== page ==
Tuesday, October 21, 2008

More composition: Willworld pages 75--76

"What is the quality of the lines in the illustration? Are they thick, thin, horizontal, vertical, diagonal, straight or curvilinear? A thick vertical line might represent strength (think of a tall oak tree). A thin, curvilinear line might appear feminine and lyrical (think of a flower stem, bending in the wind). A diagonal line might appear visually startling (think of lightning)."

Seth's lines are always a combination of thick and thin. The thick lines surround the actors and important props in the scene, the thin lines are for details and texture.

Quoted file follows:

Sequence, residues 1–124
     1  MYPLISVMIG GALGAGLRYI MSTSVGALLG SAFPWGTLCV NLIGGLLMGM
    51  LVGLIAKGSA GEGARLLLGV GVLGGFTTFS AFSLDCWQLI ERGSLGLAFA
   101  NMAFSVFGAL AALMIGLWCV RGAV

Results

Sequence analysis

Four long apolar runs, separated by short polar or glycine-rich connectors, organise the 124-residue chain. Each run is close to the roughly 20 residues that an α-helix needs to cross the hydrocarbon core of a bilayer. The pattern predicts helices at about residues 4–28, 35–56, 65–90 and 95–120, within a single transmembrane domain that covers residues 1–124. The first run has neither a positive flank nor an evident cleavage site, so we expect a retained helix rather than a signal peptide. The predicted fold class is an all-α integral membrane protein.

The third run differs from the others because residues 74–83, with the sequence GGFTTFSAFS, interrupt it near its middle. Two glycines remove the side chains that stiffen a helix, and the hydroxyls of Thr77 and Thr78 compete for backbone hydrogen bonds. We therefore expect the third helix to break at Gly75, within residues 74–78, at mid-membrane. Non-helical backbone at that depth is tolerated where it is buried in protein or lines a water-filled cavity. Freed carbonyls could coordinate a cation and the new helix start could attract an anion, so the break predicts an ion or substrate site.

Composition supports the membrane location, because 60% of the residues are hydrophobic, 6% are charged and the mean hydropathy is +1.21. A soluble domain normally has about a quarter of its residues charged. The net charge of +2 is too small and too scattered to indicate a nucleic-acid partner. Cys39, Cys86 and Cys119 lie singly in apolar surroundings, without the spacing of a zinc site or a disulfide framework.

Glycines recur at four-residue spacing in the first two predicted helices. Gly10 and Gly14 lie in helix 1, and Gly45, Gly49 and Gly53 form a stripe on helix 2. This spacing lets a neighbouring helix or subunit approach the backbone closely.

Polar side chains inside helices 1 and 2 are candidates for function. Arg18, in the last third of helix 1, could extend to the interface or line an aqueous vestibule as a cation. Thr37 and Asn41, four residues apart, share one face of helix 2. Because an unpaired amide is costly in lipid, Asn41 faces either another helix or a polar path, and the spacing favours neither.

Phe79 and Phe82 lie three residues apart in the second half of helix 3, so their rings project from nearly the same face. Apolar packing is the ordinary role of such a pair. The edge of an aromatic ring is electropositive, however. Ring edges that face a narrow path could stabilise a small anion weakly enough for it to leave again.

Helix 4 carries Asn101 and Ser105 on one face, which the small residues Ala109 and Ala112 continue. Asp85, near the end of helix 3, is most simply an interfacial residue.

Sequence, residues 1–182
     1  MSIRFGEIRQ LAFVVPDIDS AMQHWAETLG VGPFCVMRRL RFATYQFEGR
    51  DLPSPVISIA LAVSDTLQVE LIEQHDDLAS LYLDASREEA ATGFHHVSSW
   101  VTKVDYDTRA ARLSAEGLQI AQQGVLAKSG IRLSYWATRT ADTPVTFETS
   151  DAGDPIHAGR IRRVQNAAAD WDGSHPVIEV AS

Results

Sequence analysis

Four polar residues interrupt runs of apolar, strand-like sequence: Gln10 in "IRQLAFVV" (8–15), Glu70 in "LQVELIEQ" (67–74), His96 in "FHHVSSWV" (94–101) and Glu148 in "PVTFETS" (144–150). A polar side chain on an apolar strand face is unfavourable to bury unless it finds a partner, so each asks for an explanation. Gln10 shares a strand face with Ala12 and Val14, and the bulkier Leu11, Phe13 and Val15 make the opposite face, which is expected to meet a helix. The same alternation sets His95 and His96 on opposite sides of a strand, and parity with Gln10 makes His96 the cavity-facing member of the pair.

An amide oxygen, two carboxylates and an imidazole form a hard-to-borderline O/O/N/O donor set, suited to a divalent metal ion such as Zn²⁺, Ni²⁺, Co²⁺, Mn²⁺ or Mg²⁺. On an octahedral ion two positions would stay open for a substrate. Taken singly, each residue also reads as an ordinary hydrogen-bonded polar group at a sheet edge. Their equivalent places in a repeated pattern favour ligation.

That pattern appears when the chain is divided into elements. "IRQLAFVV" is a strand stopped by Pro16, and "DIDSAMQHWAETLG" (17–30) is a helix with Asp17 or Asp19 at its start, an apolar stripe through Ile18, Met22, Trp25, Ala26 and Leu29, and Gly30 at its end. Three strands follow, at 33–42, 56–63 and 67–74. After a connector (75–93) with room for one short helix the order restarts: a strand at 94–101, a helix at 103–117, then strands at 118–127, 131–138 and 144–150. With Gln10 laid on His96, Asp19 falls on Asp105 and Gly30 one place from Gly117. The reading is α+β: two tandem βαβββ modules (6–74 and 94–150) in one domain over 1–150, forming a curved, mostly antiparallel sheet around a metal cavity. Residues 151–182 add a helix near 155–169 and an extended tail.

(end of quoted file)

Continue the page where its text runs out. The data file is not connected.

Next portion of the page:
The first of these two pages shows many straight lines: architecture from approximately the 50's, with the wild curving lines of the onslaught of the hydra of the unconscious (Thank you Gareth) breaking through the roof of the house, and the roof of Hal's head.
Then in the next page curves abound: soft, even curves--the dream of childhood, where everything was taken care of, one was safe in ones own home, protected from the ravages of this fallen world. The shapes of the upper frames are curved, irregular but simple, a time of dreams. Only the bottom frame has the right angled sides, where inside it Hal and his friends sit in the rubble and wonder what has happened.

No comments: